Barenaked Ladies bassist Jim Creeggan played an impromptu set with members of the local band El Kabong on New Year's in Steamboat Springs. From left, Pete Van De Carr, Eugene Buchanan, Creeggan and Gretchen Van De Carr. Not pictured are band members Cam Boyd, Tom Larson and Brad Williams.

Courtesy photo

Barenaked Ladies bassist Jim Creeggan played an impromptu set with members of the local band El Kabong on New Year's in Steamboat Springs. From left, Pete Van De Carr, Eugene Buchanan, Creeggan and Gretchen Van De Carr. Not pictured are band members Cam Boyd, Tom Larson and Brad Williams.

Eugene Buchanan: If I had a million dollars...

What did you do on New Year’s?

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— In the whirlwind, hustle-bustle social scene of the holiday season, which this year saw more people than ever stream into town, you never know who you might brush elbows with in the lift line, lounge or, in my case, living room.

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Eugene Buchanan, magazines editor

While rumors circled of the Duck Dynasty flock and wild-haired Sam Bush ringing in the New Year at E3 Chophouse’s gala opening downtown, not being in that circle left me to my own devices diving into 2014, leading to one of those scenarios that could only happen in Steamboat.

Turns out, Jim Creeggan, of the Barenaked Ladies, was in town with his family for the holidays, staying at the well-appointed second home of his in-laws. He had a grand old time in this hamlet of ours, enjoying copious snow, sunshine and even an invitation to play in the annual A-B-C hockey tournament with his 9-year-old son Finn (they’re Canucks, after all — they’ll often rustle up games on tour, giving concert tickets to local goalies).

All this got me and our far-from-polished, midlife crisis band El Kabong invited to said house Jan. 1 for a New Year’s party. And there, sure enough, Creeggan grabbed a bass and joined us on the makeshift living room stage, where I made the most of the opportunity.

As an aspiring campfire guitarist and not much more, I’d had their marquee song in my quiver for some time. So we broke it out because if any of us actually had a million dollars, we’d likely spend it playing that song with a member of the Barenaked Ladies.

With the band strumming the monotonous G, C, D progression (it has an E-minor we ignore), we launched in.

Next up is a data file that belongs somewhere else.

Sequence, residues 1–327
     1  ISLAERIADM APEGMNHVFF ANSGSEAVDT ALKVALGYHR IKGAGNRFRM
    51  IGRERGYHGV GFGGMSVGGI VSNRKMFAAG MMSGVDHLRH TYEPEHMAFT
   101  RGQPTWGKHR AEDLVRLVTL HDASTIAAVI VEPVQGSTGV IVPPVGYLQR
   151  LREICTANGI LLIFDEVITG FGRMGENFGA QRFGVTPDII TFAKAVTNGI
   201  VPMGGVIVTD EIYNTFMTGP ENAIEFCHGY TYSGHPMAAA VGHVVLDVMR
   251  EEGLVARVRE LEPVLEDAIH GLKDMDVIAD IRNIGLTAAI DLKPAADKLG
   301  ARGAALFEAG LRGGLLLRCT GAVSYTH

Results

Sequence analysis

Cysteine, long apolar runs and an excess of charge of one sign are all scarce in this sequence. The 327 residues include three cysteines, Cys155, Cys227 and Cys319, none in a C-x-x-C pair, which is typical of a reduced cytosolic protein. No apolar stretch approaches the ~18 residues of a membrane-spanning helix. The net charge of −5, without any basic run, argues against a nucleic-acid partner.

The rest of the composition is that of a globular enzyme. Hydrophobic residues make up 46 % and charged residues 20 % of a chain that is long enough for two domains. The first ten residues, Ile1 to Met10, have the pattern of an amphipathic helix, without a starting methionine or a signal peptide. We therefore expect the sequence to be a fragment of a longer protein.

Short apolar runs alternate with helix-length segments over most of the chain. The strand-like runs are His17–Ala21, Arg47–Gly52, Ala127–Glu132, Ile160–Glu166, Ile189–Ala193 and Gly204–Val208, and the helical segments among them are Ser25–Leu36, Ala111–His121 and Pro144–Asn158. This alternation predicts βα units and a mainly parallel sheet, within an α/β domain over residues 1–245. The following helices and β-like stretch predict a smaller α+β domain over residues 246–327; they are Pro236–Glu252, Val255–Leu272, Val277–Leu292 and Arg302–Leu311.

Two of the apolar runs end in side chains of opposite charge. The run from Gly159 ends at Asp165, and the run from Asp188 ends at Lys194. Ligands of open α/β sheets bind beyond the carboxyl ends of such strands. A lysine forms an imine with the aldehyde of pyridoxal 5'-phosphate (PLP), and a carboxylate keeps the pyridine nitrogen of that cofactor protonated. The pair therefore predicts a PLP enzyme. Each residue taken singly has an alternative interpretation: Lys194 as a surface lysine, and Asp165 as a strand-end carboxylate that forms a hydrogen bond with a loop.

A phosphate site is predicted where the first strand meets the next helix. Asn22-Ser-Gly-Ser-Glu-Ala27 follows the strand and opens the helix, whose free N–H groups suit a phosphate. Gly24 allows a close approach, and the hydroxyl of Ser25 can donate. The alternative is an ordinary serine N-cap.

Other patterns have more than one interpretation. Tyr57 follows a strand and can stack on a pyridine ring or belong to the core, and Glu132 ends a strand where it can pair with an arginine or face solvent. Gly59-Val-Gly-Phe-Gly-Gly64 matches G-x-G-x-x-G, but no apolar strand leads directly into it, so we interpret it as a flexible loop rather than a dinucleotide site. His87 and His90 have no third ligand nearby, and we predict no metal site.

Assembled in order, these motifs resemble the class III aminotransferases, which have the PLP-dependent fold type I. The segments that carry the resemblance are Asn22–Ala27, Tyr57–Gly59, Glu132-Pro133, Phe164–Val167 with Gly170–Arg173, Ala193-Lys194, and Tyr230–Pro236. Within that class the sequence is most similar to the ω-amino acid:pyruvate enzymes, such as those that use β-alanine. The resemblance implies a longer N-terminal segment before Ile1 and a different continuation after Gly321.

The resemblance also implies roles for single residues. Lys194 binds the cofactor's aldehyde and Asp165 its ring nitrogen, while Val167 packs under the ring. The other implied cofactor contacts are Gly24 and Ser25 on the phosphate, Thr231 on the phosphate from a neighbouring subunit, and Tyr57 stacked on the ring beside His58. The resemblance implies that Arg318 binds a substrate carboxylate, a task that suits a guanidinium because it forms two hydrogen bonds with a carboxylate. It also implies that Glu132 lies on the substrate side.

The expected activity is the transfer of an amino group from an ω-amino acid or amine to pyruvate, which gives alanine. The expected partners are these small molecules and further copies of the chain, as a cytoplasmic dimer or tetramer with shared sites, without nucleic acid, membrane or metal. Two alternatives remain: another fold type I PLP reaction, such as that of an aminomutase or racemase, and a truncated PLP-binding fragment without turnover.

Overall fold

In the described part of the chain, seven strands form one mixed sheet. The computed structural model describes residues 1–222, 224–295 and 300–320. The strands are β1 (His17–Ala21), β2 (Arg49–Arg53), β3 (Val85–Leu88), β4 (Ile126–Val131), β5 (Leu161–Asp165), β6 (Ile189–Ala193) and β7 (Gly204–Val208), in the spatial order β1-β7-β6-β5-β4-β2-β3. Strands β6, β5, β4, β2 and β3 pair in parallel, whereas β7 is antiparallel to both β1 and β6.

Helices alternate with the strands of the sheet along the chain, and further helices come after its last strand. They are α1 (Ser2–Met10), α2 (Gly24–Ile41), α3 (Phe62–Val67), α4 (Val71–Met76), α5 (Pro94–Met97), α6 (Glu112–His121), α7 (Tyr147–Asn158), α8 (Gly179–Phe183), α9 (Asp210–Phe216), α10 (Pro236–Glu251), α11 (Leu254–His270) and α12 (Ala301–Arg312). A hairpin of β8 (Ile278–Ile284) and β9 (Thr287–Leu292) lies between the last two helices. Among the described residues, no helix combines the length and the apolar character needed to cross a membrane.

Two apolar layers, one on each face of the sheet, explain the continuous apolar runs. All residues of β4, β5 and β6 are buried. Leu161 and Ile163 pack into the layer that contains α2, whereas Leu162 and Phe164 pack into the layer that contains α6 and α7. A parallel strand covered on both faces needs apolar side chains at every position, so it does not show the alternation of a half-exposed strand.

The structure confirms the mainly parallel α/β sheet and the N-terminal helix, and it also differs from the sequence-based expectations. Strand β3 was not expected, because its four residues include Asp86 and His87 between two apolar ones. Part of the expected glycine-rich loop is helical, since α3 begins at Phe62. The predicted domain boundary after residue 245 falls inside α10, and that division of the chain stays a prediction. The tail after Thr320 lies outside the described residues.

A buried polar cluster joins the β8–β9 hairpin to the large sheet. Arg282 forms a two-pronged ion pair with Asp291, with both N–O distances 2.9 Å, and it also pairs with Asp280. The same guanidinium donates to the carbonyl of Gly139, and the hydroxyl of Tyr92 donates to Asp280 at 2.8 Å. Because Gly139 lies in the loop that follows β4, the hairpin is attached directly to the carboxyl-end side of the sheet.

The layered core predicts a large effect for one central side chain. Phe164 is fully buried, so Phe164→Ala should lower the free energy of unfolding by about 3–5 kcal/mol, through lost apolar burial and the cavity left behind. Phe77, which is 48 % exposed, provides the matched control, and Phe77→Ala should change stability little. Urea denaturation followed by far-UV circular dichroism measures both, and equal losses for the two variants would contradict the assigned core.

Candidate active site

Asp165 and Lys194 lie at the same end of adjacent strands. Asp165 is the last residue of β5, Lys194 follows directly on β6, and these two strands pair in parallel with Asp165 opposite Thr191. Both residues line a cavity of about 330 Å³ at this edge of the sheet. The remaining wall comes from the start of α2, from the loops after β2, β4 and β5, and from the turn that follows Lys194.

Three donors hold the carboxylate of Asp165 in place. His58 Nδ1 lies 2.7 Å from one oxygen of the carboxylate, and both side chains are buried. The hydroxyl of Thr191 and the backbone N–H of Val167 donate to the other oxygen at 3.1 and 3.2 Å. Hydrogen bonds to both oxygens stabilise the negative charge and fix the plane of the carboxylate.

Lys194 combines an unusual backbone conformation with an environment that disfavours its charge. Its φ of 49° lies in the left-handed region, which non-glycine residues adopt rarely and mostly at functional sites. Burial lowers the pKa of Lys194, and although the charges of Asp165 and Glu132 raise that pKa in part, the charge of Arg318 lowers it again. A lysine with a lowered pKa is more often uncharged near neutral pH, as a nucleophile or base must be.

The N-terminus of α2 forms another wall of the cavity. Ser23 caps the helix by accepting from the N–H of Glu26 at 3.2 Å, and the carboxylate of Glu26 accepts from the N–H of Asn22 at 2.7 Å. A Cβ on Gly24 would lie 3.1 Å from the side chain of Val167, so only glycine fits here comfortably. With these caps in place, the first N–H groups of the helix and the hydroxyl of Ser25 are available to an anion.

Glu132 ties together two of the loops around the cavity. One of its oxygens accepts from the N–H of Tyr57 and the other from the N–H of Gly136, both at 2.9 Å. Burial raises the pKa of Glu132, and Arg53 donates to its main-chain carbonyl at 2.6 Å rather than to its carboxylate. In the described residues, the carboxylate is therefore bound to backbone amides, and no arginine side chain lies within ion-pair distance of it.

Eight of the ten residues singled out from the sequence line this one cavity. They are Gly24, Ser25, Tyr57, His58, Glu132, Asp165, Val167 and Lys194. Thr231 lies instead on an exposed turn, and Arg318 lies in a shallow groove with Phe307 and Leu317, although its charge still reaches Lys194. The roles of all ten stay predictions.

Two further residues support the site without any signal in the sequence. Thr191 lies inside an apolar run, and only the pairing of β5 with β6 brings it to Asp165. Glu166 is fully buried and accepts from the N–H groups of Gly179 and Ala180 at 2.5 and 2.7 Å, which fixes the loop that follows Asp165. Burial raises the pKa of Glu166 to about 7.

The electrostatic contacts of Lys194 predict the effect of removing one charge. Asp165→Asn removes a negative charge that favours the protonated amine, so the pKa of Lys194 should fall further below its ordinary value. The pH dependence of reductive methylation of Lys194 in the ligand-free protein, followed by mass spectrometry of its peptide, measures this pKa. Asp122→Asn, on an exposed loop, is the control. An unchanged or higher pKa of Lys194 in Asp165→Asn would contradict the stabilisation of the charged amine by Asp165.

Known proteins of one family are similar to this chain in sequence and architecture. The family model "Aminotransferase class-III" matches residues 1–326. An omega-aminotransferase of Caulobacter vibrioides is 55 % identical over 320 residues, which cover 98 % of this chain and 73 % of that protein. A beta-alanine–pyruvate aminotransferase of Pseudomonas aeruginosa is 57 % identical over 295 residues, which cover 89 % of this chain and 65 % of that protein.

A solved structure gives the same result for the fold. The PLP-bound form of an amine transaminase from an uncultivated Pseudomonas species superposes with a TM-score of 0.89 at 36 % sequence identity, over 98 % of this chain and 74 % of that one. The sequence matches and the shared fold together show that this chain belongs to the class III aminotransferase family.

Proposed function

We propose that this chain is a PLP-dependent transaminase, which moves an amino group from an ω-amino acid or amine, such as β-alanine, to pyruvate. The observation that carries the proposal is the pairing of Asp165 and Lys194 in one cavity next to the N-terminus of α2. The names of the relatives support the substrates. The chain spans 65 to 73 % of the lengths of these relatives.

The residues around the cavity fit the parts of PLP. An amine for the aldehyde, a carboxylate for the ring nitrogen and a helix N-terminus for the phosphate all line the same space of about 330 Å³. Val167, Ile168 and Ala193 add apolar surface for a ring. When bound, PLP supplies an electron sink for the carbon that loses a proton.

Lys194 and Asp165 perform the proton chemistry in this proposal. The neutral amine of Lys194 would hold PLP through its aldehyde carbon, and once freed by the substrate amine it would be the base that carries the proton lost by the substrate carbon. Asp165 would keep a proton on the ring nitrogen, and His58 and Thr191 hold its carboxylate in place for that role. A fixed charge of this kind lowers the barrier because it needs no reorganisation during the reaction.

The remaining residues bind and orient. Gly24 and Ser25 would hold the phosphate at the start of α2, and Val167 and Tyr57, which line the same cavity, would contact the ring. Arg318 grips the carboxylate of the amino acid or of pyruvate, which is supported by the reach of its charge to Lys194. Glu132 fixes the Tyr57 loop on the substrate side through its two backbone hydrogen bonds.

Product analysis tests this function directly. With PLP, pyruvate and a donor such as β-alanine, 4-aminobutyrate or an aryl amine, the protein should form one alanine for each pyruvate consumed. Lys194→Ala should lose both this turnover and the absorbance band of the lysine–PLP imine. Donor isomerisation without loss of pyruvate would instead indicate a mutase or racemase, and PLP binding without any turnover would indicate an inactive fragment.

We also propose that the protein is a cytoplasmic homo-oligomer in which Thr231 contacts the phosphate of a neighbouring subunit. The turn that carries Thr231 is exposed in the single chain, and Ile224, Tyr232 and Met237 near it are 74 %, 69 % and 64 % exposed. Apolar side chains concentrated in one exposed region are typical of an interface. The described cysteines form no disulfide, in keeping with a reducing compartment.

The song first came about as an improvisation composed by band members Steven Page and Ed Robertson while working as counselors at a summer music camp. Robertson played it for the campers, randomly listing things he’d buy with a million dollars, then fleshed it out with Page. It’s since become as much of a Canadian icon as Gretzky.

So the same day I got a mullet, I found myself playing “Million Dollars” with Creeggan as my doo-whopping back-up (with additional harmony courtesy of party-goer Sam Pearson). As soon as the first lyric came out, Creeggan laughed and joined in flawlessly, complete with an impromptu chorus about the party’s bacon-wrapped hors d’oeuvres and oysters, which we could eat in the tree fort in the yard.

During those 15 minutes of fame, I thought of a few other ways to spend the money in town, most of which didn’t make it through the microphone.

While it certainly wouldn’t go as far as it did when Barenaked Ladies first recorded the song in 1992, if I had a million dollars to spend in Steamboat, I’d (please voice-over in proper timing and high-pitched tune): Donate it to the Sports Club; build a new road to Emerald Park; build a boat ramp to the Yampa; invest it in our local trails; buy me a Moots (or an Eriksen); get a snowcat for Buff Pass; hire someone to shovel our berms; find a home for our police station; and fish private water all season long.

The list could go on and on, but I didn’t want to bore Creeggan with the nuances of our town. So we wrapped it up with the monkey and the sappy bit about love.

I doubt his standing in with us topped the Champagne powder he skied, the hockey tournament he played in or the town’s genuine good-naturedness he found on every corner. He may even boycott Steamboat for good thanks to my hack job.

But there’s also a slim chance that he liked what he saw here in Ski Town USA, if not what he heard. And if that’s the case, someday, once his eardrums heal, he might even return, be it in a nice reliant automobile like the K Car or a limousine because it costs more.

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